Birders find no new confirmation of rare woodpecker in Arkansas
By ANNIE BERGMANAssociated Press WriterPublished May 18, 2006, 12:48 PM CDT
LITTLE ROCK, Ark. -- Search teams exploring an Arkansas swamp for better evidence of the ivory-billed woodpecker said Thursday they had no new confirmation of the bird's existence, and wildlife managers said there was no longer a reason to limit public access to the region."Certainly we're somewhat disappointed," said Ron Rohrbaugh of the Cornell University Lab of Ornithology in Ithaca, N.Y. "We've had enough of these tantalizing sounds and we still have a lot of hope that there might be a pair, especially in the White River area."The lack of confirmation after searching over the winter and spring "doesn't mean the bird's not there," Rohrbaugh said. The search will be expanded to other states next winter.
Wildlife officials said the Big Woods area of eastern Arkansas would be reopened to the public immediately."Based on the information coming from the search and research that we have done, I feel there is no need any longer limited public use within this area," said Dennis Widner, manager of the Cache River Wildlife Management Area.Cornell researchers supported the decision to reopen the area to general use. If new evidence is discovered, state and federal agencies can reimpose restrictions on access, Widner said.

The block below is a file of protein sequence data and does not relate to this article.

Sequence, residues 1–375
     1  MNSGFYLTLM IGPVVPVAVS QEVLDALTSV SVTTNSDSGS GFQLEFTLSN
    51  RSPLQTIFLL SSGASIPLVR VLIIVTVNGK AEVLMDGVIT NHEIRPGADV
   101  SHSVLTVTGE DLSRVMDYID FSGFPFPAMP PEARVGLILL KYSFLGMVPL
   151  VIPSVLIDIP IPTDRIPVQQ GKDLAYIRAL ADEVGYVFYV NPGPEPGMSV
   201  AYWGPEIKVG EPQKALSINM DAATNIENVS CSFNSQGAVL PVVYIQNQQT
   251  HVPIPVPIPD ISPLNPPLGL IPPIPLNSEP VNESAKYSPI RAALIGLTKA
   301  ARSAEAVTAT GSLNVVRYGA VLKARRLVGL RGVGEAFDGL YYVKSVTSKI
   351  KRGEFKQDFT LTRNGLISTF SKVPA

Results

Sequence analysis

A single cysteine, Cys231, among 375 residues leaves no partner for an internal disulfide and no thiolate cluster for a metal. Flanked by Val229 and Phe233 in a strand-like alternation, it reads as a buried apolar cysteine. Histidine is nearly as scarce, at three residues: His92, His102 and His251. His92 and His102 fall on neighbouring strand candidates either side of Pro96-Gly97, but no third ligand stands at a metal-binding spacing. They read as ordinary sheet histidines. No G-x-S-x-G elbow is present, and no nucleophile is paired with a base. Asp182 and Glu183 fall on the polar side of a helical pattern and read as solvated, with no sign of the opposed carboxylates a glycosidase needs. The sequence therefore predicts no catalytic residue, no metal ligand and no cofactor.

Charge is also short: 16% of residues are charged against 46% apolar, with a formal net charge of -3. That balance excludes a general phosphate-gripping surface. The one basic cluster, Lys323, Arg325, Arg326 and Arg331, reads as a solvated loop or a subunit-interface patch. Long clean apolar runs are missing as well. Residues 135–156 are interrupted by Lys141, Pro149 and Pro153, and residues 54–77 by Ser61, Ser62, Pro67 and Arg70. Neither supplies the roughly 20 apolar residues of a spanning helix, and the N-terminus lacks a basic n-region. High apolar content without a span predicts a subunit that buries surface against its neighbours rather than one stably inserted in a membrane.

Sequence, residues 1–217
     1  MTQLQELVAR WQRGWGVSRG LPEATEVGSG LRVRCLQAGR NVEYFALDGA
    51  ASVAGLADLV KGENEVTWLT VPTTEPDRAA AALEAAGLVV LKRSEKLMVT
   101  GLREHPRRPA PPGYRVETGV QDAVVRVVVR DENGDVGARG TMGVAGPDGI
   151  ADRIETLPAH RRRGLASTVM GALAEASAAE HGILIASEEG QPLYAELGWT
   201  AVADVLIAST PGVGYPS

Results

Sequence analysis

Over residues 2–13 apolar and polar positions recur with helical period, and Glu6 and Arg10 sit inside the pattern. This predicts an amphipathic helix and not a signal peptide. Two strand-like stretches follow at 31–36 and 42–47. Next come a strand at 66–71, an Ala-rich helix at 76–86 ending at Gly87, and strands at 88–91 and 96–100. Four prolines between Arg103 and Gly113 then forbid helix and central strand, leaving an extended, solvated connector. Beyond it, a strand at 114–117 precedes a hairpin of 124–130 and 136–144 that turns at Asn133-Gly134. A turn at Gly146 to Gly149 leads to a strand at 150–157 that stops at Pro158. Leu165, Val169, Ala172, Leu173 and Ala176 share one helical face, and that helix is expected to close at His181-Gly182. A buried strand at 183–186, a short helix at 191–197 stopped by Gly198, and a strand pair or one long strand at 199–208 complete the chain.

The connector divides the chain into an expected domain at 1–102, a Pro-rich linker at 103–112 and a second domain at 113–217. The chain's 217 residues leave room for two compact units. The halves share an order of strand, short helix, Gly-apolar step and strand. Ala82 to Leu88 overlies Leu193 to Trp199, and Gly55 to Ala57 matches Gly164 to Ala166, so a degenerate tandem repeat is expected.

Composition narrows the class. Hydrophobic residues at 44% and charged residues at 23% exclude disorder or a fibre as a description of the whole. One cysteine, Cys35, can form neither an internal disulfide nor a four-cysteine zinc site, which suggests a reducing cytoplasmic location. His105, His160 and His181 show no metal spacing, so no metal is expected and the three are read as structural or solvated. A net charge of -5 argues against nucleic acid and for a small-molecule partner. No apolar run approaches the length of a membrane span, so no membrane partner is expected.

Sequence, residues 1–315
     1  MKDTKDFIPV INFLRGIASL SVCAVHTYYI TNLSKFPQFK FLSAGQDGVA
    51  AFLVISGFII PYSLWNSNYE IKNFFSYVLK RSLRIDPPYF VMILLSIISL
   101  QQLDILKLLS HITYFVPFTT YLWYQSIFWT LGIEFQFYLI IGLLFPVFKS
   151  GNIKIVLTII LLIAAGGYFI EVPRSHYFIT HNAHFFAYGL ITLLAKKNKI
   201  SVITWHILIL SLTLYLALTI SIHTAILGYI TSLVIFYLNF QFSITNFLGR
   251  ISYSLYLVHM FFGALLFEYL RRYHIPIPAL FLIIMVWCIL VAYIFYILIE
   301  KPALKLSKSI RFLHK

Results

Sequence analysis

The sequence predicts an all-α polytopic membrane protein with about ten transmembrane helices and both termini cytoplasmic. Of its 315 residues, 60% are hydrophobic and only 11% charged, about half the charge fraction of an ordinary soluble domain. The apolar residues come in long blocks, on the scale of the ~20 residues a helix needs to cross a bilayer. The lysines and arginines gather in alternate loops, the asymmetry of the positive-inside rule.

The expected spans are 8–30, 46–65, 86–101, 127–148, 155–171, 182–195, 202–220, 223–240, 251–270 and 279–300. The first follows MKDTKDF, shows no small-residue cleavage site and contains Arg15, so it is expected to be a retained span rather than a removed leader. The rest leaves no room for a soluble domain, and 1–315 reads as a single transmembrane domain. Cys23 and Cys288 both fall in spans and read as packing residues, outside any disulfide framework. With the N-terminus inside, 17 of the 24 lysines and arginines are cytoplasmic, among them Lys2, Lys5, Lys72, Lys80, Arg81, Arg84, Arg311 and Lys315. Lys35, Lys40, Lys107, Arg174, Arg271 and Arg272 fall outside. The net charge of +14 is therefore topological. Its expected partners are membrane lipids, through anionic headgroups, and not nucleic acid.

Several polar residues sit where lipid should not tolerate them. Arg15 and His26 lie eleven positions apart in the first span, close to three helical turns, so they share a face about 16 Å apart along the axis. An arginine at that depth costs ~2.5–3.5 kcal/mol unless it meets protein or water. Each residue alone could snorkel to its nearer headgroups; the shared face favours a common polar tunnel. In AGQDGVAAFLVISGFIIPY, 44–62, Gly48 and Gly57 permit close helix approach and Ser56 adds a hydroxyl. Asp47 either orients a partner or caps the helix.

Gene Sparling of Hot Springs reported seeing an ivory-billed woodpecker in the spring of 2004 while kayaking in the area near the White River between Little Rock and Memphis, Tenn.More than 100 volunteers and full-time researchers went through the area over the winter but failed to find additional strong evidence of the bird's existence in their primary search area.The National Audubon Society would continue to support search efforts for at least one more year. "The big woods was recognized as an important bird area many years before the rediscovery of the ivory-billed woodpecker," said Dan Scheiman of Audubon Arkansas.
Jon Andrew, the recovery team leader with the U.S. Fish and Wildlife Service, said the search will continue next year across the Southeast. Paid and unpaid searchers would look for evidence of the bird in Alabama, Georgia, Louisiana, South Carolina and Texas, as well as Arkansas, he said.Researchers believe they have captured audio recordings of the rare bird _ accompanying a brief, grainy videotape of what is believed to be an ivory-billed woodpecker.One volunteer searcher and three members of the public have reported seeing the bird, but none of the full-time researchers has sighted it, said Martjan Lammertink, also of Cornell.
Lammertink said in all four cases, the birds sighted had large amounts of white feathers on the lower halves of the wings _ consistent with an ivory-bill.However, Lammertink said members of the team "have heard knocks, calls. We don't have an existing recording of an ivory-billed so we have to make extrapolations from other recordings," he said. "It's a complicated process."Until Sparling's reported sighting Feb. 11, 2004, the last known sighting of the bird was in north Louisiana in 1944.